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Russia forecast to grow faster than advanced economies in 2024: IMF

Hot liquid metal flows from a blast furnace during the smelting process at the Evraz Consolidated West-Siberian Metallurgical Plant in Novokuznetsk, Russia, on July 22, 2020.

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Russia’s economy is expected to grow faster than all advanced economies this year, according to the International Monetary Fund.

Russia is expected to grow 3.2% in 2024, the IMF said in its latest World Economic Outlook published Tuesday, exceeding the forecast growth rates for the U.S. (2.7%), the U.K. (0.5%), Germany (0.2%) and France (0.7%).

The prediction will be galling for Western nations which have sought to economically isolate and punish Russia for its 2022 invasion of Ukraine.

Russia says Western sanctions on its critical industries have made it more self-sufficient and that private consumption and domestic investment remain resilient. Meanwhile, continuing oil and commodity exports to the likes of India and China, as well as alleged sanctions evasion and high oil prices, have allowed it to maintain robust oil export revenues.

In this pool photograph distributed by Russian state agency Sputnik, Russia’s President Vladimir Putin visits Uralvagonzavod, the country’s main tank factory in the Urals, in Nizhny Tagil, on Feb. 15, 2024.

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Russia’s military-industrial complex has also expanded significantly during the war as defense spending and production have rocketed. In short, Russia has adapted to a “new normal” as its economy has been put on a war footing.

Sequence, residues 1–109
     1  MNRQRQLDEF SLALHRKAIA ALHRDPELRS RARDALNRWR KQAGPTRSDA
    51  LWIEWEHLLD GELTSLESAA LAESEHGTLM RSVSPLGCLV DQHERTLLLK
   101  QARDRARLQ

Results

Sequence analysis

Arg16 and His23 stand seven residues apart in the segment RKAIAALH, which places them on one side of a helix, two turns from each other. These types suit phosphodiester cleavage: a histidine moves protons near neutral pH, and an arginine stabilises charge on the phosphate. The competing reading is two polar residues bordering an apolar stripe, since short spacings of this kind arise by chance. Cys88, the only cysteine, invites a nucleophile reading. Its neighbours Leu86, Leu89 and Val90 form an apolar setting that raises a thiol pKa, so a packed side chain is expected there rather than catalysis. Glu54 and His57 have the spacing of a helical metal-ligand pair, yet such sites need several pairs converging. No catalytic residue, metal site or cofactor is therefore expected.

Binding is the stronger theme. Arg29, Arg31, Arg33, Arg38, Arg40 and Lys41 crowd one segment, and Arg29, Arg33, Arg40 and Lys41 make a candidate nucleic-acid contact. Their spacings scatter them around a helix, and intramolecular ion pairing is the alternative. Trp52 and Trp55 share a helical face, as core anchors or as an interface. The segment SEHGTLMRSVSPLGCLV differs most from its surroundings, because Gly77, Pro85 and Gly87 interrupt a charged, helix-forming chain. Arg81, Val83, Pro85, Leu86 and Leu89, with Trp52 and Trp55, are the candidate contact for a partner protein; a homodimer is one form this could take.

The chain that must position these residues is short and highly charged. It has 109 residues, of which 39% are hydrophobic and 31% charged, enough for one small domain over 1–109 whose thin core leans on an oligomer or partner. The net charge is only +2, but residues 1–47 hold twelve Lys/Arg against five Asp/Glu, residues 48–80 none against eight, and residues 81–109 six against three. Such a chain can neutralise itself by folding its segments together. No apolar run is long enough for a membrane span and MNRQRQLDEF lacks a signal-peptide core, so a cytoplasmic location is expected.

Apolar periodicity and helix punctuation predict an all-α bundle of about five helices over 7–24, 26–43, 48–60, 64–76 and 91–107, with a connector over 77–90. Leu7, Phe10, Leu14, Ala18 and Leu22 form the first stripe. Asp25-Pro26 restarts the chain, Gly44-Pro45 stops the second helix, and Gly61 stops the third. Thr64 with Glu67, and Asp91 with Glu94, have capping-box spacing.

The IMF predicted that Russia’s economic growth would moderate in 2025, however, declining to 1.8% “as the effects of high investment and robust private consumption, supported by wage growth in a tight labor market, fade.”

The Washington-based IMF includes the U.S., U.K., the euro area’s largest economies, Canada and Japan as advanced economies. Russia, China and India remain in its “emerging and developing” Europe and Asia categories, respectively.

Russian President Vladimir Putin observes a Tupolev TU-160 strategic jet bomber while visiting an aviation plant on Feb. 21, 2024, in Kazan, Russia.

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The head of the IMF told CNBC in February that the Russian economy was still facing significant headwinds despite the Fund’s rosy forecasts for the country of roughly 145 million people.

“What it [the growth data] tells us is that this is a war economy in which the state — which let’s remember, had a very sizeable buffer, built over many years of fiscal discipline — is investing in this war economy,” IMF Managing Director Kristalina Georgieva told CNBC’s Dan Murphy at the World Governments Summit in Dubai in February.

“If you look at Russia, today, production goes up, [for the] military, [and] consumption goes down. And that is pretty much what the Soviet Union used to look like. High level of production, low level of consumption.”

Georgieva said she believed the Russian economy also faced challenges related to an exodus of skilled workers and “because of the reduced access to technology that comes with … sanctions.”

Bank of Russia Governor Elvira Nabiullina told lawmakers in Russia’s State Duma on April 8 that production in the country is being constrained by worker shortages, according to Reuters, although she noted that Russia’s economy was continuing to grow at an impressive rate.

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Last week, Nabiullina also sounded a note of optimism over Russia’s inflation rate (at 7.7% in March), saying she believed the peak had passed, although it was too early to start cutting rates.

Russia’s central bank is expected to hold its key rate at 16% at its next rate-setting meeting on April 26, a Reuters poll showed last month. Analysts polled by Reuters expect rates to stand at 12.5% by the end of 2024, Reuters reported last week, far above the central bank’s inflation target of 4%.

Having begun his fifth term in office, Russian President Vladimir Putin has vowed to raise living standards in Russia, with increased spending on education, health care and public infrastructure. He also signaled that taxes on larger companies and wealthier individuals will rise.

— CNBC’s Natasha Turak contributed to this report.

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